Trump's `Winter White House' Mar-a-Lago Showcased on U.S. Site
(Bloomberg) -- The U.S. State Department pulled down a page on an official website that had showcased President Donald Trump’s private club, Mar-a-Lago, after it raised questions about a potential conflict of interest.
The posting, dated April 4, called the club the “Winter White House.” It detailed the history of the property “located at the heart of Florida’s Palm Beach community,” including Trump’s purchase of it in 1985. The posting was published on ShareAmerica.gov, a State Department website that promotes the U.S. abroad and also appeared in an abbreviated form on the official site of the U.S. embassy to the U.K.
Lawmakers and the government’s top ethics official have criticized Trump for not divesting from his businesses, arguing that his holdings pose conflicts of interest. The Trump Organization doubled the price of memberships at Mar-a-Lago to $200,000 a year in January.
In response to the State Department’s posting, Senator Ron Wyden, a Democrat from Oregon, asked in a tweet Monday, “Why are taxpayer $$ promoting the President’s private country club?”
By Monday evening, the posting on Mar-a-Lago had been removed and replaced with a statement: “The intention of the article was to inform the public about where the President has been hosting world leaders. We regret any misperception and have removed the post.”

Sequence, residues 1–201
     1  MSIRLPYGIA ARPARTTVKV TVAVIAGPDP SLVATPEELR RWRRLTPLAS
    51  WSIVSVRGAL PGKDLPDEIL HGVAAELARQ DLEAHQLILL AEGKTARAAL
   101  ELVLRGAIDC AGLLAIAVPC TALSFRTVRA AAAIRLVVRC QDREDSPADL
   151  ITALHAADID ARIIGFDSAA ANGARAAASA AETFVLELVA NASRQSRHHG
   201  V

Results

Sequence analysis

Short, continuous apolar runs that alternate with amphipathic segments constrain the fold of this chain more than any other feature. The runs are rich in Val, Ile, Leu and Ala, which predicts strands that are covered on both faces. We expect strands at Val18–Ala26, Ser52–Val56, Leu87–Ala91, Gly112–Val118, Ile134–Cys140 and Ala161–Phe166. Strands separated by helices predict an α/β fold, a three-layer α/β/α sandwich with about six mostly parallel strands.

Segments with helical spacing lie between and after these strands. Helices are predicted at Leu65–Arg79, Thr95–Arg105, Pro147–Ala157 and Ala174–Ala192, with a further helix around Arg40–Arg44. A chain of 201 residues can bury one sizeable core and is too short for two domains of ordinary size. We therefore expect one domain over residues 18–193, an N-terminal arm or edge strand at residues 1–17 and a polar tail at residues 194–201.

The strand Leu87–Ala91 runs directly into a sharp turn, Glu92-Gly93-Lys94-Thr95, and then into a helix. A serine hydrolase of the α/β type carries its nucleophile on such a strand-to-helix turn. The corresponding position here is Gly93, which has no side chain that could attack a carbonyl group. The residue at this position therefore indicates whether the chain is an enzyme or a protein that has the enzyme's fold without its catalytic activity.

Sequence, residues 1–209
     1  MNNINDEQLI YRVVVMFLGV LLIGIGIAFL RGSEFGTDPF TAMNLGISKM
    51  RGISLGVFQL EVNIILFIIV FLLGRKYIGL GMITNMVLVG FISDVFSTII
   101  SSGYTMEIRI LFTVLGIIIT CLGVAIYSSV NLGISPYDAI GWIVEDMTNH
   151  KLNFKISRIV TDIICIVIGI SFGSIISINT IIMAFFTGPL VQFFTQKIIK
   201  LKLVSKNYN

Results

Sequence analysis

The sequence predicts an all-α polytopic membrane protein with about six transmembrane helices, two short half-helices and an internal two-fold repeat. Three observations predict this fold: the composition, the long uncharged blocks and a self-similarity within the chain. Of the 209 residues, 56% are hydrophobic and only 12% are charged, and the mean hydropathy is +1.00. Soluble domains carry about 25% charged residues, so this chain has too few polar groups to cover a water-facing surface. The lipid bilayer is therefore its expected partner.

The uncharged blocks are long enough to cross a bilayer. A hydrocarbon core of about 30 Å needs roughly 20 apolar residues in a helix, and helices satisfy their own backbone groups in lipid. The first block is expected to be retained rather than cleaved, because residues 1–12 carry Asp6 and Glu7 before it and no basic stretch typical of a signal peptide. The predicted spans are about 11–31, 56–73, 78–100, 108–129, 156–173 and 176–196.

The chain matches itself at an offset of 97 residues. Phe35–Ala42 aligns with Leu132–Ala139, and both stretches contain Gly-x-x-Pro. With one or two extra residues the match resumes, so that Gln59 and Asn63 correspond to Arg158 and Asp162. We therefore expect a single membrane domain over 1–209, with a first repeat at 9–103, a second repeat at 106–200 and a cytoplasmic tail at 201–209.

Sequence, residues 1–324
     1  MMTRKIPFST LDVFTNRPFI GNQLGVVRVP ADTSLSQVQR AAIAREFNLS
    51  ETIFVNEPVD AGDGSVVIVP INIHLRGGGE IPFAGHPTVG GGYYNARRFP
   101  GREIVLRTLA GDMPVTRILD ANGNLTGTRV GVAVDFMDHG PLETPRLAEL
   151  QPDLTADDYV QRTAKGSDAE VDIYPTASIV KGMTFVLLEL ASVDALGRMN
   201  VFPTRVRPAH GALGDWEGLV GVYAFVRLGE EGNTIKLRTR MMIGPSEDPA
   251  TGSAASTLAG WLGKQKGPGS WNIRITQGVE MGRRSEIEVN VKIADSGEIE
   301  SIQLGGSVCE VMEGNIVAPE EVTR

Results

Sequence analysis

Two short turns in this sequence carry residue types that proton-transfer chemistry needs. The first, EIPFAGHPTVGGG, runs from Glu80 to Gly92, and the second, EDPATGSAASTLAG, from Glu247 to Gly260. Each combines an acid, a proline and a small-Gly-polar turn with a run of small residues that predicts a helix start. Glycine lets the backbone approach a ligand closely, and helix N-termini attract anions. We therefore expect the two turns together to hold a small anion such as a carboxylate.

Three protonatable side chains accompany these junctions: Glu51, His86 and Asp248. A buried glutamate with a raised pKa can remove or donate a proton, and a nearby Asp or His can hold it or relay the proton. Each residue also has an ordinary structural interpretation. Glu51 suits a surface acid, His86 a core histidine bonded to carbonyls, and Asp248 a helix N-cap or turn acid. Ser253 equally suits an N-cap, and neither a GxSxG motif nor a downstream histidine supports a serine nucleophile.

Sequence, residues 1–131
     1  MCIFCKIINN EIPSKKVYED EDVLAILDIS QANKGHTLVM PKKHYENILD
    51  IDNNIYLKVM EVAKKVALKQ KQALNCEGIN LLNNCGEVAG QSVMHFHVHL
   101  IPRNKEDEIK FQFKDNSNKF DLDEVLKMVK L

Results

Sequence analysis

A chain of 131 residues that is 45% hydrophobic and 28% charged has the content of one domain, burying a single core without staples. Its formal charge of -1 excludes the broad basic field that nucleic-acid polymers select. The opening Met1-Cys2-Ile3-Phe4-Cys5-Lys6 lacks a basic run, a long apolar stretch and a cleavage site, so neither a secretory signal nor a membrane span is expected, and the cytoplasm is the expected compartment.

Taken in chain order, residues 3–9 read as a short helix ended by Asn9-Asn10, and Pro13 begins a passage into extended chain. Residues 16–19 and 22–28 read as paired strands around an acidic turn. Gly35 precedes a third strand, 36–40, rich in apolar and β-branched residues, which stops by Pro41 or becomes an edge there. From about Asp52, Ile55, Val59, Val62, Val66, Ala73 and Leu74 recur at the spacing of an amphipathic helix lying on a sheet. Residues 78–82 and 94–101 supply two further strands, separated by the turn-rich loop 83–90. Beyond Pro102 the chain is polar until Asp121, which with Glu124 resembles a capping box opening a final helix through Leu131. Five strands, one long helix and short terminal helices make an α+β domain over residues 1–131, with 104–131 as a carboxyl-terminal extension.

The ShareAmerica.gov posting had described the ornate décor of the 114-room mansion, which was built in 1927 by cereal heiress Marjorie Merriweather Post. The State Department said in the posting that when Trump acquired the property, he “bought the decorations and furnishings that Post had collected over the years, preserving Mar-a-Lago’s style and taste."
"Why would these officials choose to put out communications praising Mar-a-Lago when it’s so clearly a conflict?" asked John Wonderlich, executive director of the Sunlight Foundation, which promotes government transparency. He said the posting was a "clearly inappropriate" use of government resources. "It goes into the history of Mar-a-Lago, but not the historic presidential conflict of interest."
Trump has twice hosted world leaders at the club so far: President Xi Jinping of China and Prime Minister Shinzo Abe of Japan. In February, Senator Elizabeth Warren called on the Government Accountability Office to review whether national security protocols were being followed at the property after Trump and Abe dealt with a North Korean missile launch in the club’s dining room.
In March, congressional Democrats introduced a bill to force disclosure of the names of visitors meeting with Trump and other administration officials at the club and at Trump Tower in New York.
The club was a frequent stop for Trump even during his campaign for the White House. He used it to host fundraisers, press conferences and victory rallies for his primary wins. Since his inauguration, he’s visited Mar-a-Lago seven times. According to the State Department posting, by using the club for official business, “Trump is belatedly fulfilling the dream of Mar-a-Lago’s owner and designer.”